8 Flora

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8 Flora 8 Flora Astronomical Symbol.svg
Moon and Asteroids 1 to 10.svg
Size comparison: the first 10 asteroids profiled against Earth's Moon. Flora is third from the right.
Discovery
Discovered byJ.R. Hind
Discovery dateOctober 18, 1847
Designations
none
Main belt (Flora family)
Orbital characteristics
Epoch November 26, 2005 (JD 2453700.5)
Aphelion380.850 Gm (2.546 AU)
Perihelion277.995 Gm (1.858 AU)
329.422 Gm (2.202 AU)
Eccentricity0.1561
1193.549 d (3.27 a)
19.95 km/s
156.401°
Inclination5.886°
111.011°
285.128°
Physical characteristics
Dimensions145×145×120 km[1][2]
Mass~3.6×1018 kg
Mean density
~2.7 g/cm³[3]
~0.045 m/s²
~0.081 km/s
0.5363 d (12.87 h)[4]
Albedo0.243 (geometric)[1]
Temperature~180 K
max: 276 K (+3 °C)
Spectral type
S-type asteroid
7.9[5] to 11.6
6.49
0.21" to 0.053"

8 Flora is a big, bright, main belt asteroid. It is the closest big asteroid: no asteroid closer to the Sun has a diameter above 25 kilometres or two-elevenths that of Flora itself, and not until the tiny 149 Medusa was found was a single asteroid orbiting at a closer mean distance known.[6] It is the seventh brightest asteroid with a mean opposition magnitude of +8.7.[7] Flora can reach a magnitude of +7.9 at a favorable opposition near perihelion, such as will occur in mid November 2007.

Discovery and naming[change | change source]

Flora was found by J. R. Hind on October 18, 1847. It was his second asteroid discovery after 7 Iris.

The name Flora was proposed by John Herschel, from Flora, the Latin goddess of flowers and gardens, wife of Zephyrus (the personnification of the West wind), mother of Spring, and whose Greek equivalent is Chloris (who has her own asteroid, 410 Chloris).

Characteristics[change | change source]

Flora is the parent body of the Flora family of asteroids, and by far the biggest member, having about 80% of the total mass of this family. But Flora was almost certainly disrupted by the impact(s) that formed the family, and is probably an aggregate of most of the pieces.

Flora's spectrum indicates that its surface is made of a mixture of silicate rock (including pyroxene and olivine) and nickel-iron metal. Flora, and the whole Flora family generally, are good candidates for being the parent bodies of the L chondrite meteorites.[8] This meteorite type comprises about 38% of all meteorites impacting the Earth.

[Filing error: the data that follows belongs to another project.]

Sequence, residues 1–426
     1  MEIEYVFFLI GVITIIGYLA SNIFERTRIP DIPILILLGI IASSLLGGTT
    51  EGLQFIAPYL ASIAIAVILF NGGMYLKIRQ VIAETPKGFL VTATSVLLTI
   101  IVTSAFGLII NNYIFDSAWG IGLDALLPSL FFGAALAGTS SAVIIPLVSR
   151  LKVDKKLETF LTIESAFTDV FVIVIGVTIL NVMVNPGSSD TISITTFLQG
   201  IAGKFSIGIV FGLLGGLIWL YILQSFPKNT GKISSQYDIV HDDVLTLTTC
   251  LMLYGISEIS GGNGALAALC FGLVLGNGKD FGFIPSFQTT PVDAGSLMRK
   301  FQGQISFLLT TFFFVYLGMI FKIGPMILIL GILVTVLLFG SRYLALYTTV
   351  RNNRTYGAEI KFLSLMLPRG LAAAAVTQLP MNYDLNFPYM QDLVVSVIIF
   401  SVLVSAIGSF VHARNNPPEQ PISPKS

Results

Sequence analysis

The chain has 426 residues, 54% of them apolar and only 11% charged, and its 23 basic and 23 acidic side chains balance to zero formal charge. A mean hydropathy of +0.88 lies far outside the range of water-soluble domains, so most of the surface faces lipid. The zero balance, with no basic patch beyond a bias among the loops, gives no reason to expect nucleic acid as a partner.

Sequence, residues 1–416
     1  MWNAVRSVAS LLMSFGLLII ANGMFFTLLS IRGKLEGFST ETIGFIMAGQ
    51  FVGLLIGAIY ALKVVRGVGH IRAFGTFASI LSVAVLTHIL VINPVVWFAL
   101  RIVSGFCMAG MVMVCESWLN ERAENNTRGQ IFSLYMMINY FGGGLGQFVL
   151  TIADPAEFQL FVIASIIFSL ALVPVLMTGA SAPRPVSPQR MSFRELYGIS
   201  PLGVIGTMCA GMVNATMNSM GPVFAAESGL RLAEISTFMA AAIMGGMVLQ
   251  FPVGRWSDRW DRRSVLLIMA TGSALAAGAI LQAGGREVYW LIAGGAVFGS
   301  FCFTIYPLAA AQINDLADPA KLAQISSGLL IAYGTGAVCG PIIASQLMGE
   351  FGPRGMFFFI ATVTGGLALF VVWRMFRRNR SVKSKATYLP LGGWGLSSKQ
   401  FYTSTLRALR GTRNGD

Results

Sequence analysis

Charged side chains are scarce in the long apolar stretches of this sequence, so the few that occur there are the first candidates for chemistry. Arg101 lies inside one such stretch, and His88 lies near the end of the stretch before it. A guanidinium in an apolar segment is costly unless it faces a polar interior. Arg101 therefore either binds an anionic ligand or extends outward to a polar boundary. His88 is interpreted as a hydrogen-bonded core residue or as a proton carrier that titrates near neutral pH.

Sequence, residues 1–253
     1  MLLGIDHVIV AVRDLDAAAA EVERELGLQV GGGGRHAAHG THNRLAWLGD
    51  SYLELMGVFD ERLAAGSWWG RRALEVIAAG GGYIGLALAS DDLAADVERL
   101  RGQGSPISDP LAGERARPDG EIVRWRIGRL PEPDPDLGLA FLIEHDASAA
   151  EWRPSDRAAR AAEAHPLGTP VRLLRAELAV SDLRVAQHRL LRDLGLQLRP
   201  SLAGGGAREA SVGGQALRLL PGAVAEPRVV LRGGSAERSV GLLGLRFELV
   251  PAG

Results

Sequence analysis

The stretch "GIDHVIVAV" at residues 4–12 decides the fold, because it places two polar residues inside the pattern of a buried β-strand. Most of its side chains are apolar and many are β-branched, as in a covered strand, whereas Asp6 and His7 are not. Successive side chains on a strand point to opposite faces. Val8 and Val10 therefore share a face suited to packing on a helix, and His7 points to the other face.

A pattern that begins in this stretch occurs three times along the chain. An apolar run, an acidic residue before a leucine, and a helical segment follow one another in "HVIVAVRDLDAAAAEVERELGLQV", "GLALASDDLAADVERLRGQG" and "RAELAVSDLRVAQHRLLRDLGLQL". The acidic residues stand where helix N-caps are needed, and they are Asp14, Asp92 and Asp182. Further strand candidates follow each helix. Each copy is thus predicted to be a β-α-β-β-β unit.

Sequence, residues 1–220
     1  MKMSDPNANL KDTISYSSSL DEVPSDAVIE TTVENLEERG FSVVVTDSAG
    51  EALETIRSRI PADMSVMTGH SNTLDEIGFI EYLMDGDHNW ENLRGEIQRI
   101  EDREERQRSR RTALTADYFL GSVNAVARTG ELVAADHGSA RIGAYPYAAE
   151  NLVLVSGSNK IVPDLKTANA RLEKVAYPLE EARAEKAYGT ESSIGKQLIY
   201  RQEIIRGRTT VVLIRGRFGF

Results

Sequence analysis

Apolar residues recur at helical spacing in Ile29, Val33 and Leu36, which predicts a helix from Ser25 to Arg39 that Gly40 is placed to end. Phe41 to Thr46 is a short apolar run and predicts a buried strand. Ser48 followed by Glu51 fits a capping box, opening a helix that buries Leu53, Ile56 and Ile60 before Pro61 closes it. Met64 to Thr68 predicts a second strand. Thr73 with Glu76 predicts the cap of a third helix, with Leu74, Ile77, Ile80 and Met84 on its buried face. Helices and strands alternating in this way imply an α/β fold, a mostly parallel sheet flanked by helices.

Notable facts[change | change source]

During an observation on March 25, 1917, 8 Flora was mistaken for the star TU Leonis, which led to that star's classification as a U Geminorum cataclysmic variable star. This mistake was uncovered only in 1995.[9][10]

References[change | change source]

  1. 1.0 1.1 "Supplemental IRAS Minor Planet Survey".[dead link]
  2. Torppa, J.; et al. (2003). "Shapes and rotational properties of thirty asteroids from photometric data". Icarus 164: 346. http://www.rni.helsinki.fi/~mjk/thirty.pdf. 
  3. Krasinsky, G. A.; et al. (2002). "Hidden Mass in the Asteroid Belt". Icarus 158: 98. 
  4. "Planetary Data System Small Bodies Node, lightcurve parameters". Archived from the original on June 14, 2006.
  5. Donald H. Menzel and Jay M. Pasachoff (1983). A Field Guide to the Stars and Planets (2nd edition ed.). Boston, MA: Houghton Mifflin. p. p. 391. ISBN 978-0-395-34835-2.CS1 maint: Extra text (link)
  6. Binsel, Richard P.; Gehrels, Tom and Matthews, Mildred Shapley (editors); Asteroids II; published 1989 by University of Arizona Press; pp. 1038-1040. ISBN 978-0-8165-1123-5
  7. The Brightest Asteroids Archived 17 January 2010 at WebCite
  8. Nesvorný, D.; et al. (2002). "The Flora Family: A Case of the Dynamically Dispersed Collisional Swarm?". Icarus 157: 155. 
  9. "IAUC 6174".[dead link]
  10. Schmadel, L. D.; Schmeer, P.; Börngen, F. (08 1996). "TU Leonis = (8) Flora: the non-existence of a U Geminorum star". Astron. Astrophys. 312: 496. http://adsabs.harvard.edu/cgi-bin/nph-bib_query?bibcode=1996A%26A...312..496S&db_key=AST&data_type=HTML&format=&high=43a5c7f7b428230. 

Other websites[change | change source]